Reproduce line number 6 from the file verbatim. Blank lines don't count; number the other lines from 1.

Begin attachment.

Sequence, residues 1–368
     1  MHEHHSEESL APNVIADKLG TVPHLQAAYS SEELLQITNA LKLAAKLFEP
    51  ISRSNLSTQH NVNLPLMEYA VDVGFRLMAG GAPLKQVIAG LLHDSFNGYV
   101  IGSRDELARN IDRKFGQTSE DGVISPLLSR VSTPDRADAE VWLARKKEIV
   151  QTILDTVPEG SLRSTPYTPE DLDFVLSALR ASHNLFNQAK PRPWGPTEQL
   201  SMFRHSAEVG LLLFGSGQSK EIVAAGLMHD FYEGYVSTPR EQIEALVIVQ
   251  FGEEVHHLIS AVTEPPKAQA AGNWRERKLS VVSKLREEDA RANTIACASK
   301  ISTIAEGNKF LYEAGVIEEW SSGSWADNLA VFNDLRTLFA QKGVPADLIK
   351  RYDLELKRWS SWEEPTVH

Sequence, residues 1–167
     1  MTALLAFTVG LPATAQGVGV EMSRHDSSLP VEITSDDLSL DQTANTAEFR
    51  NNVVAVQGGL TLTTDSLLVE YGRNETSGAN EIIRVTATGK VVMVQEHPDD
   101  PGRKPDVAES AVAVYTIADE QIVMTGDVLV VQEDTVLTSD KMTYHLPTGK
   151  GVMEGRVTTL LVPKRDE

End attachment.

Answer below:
   201  SMFRHSAEVG LLLFGSGQSK EIVAAGLMHD FYEGYVSTPR EQIEALVIVQ